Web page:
You can't miss the signs of trigger finger because a finger or thumb bends down toward your palm and stays that way. At SOUTHERN WESTCHESTER ORTHOPEDICS AND SPORTS MEDICINE, David Lent, MD, FAAOS, and Eric Spencer, MD, FAAOS, have extensive experience treating trigger finger. If you seek treatment shortly after the problem develops, they can usually heal the problem with nonsurgical therapies. To schedule an appointment today, use the online booking feature or call the office in Yonkers or Mamaroneck, New York, or the Riverdale neighborhood of the Bronx in New York City.
Trigger finger (stenosing tenosynovitis) occurs when your thumb or a finger bends and stays in that position. If you can straighten the finger, it doesn’t move smoothly; it tends to snap up and down.
You can develop this condition in any finger. However, it most often affects the ring finger or thumb.
Your risk of developing trigger finger increases if your work or hobby requires repetitive gripping movements. Additionally, the condition occurs more commonly in people with diabetes and rheumatoid arthritis.
A trigger finger develops due to an inflamed sheath. The sheath is a protective tissue that covers the tendon and allows smooth movement. Inflammation in the sheath interferes with finger movement. As a result, you develop trigger finger.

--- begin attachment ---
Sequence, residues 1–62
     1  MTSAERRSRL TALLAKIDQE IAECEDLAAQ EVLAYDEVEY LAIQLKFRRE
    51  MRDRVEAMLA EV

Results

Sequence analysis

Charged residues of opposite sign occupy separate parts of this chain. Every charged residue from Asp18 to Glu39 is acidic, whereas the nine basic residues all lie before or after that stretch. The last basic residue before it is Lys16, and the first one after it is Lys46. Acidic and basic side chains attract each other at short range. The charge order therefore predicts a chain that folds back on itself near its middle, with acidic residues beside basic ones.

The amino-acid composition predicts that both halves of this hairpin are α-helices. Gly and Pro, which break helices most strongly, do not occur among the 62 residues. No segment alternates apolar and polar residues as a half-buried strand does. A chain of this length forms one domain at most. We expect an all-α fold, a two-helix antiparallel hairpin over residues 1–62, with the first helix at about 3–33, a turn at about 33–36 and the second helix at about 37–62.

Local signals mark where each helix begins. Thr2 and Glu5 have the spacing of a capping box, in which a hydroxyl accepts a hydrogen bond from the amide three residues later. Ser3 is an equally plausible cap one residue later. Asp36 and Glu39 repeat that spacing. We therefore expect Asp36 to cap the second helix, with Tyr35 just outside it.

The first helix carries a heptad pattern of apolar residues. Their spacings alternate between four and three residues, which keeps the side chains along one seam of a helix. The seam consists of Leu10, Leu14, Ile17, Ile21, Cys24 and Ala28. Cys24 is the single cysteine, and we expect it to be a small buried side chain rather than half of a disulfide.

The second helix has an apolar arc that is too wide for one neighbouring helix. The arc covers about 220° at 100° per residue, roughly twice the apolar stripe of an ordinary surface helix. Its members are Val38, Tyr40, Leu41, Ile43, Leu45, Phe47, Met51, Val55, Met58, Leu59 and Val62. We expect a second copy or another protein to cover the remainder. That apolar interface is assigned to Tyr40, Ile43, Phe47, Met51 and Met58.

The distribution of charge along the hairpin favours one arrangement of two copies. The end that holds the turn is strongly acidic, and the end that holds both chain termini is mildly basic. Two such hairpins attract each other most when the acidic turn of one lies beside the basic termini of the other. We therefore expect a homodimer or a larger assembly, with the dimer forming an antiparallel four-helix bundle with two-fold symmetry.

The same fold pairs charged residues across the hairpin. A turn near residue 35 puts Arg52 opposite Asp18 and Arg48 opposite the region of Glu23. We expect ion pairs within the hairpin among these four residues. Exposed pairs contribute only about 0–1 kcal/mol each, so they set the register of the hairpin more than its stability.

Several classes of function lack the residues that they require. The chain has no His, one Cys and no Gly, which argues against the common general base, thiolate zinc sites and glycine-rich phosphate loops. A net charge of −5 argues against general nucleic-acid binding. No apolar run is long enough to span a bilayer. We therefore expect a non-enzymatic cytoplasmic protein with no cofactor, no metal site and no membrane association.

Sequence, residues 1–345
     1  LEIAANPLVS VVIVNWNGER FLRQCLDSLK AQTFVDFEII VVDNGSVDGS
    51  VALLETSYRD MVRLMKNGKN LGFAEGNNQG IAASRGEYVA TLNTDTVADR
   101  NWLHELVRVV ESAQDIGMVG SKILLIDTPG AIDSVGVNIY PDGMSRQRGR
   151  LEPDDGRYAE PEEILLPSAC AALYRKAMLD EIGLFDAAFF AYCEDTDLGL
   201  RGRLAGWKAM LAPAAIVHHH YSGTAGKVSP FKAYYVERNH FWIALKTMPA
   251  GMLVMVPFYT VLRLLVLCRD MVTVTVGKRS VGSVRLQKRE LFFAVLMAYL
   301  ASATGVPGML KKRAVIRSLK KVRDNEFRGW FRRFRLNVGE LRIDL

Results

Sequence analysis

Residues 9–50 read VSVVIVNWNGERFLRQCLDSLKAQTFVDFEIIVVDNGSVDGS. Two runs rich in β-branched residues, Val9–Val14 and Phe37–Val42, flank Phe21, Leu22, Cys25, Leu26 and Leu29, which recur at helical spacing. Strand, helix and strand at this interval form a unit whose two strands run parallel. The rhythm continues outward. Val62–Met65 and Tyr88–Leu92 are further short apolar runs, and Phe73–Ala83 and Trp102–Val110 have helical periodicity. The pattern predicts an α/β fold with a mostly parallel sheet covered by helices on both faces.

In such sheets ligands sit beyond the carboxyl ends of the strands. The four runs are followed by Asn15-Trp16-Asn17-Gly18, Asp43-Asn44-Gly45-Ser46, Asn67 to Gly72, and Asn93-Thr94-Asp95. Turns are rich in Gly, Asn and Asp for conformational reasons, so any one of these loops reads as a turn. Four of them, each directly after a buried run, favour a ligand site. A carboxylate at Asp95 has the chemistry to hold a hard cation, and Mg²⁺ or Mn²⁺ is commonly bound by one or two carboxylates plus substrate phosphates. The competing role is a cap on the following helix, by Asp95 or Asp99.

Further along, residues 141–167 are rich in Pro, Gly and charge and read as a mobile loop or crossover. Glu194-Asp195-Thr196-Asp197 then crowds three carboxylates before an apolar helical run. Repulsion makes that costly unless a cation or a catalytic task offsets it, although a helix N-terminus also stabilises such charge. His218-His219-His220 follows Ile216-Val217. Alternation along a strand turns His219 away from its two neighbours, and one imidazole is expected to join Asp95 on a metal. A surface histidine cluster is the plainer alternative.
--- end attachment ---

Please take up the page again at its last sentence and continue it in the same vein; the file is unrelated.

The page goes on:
Chronic inflammation can scar and thicken the tissues without treatment, and tendon nodules may develop. If these problems occur, it becomes more difficult to move the affected finger. In severe cases, you can’t straighten the finger.
In addition to having a bent finger, you may experience:
Trigger finger can also develop in several fingers at the same time.
The best treatment depends on the severity of your trigger finger and how long the finger has been in the bent position.
During the early stages, your treatment includes anti-inflammatory medicines, stretching exercises, and a splint. The splint promotes healing by resting the tendon, preventing gripping movement, and holding your finger in an extended position.
Your provider may also inject steroids to reduce the inflammation. For most people, these conservative measures restore normal movement.
If your finger is locked in a bent position or conservative treatments don't help, your provider may recommend a procedure called percutaneous release.
During this procedure, your provider applies a local anesthetic and uses ultrasound to guide a needle to the damaged sheath. Then they use the needle to break apart scar tissue.
If you develop a trigger finger, don't wait to seek help. To schedule an appointment, call SOUTHERN WESTCHESTER ORTHOPEDICS AND SPORTS MEDICINE or use the online booking feature today.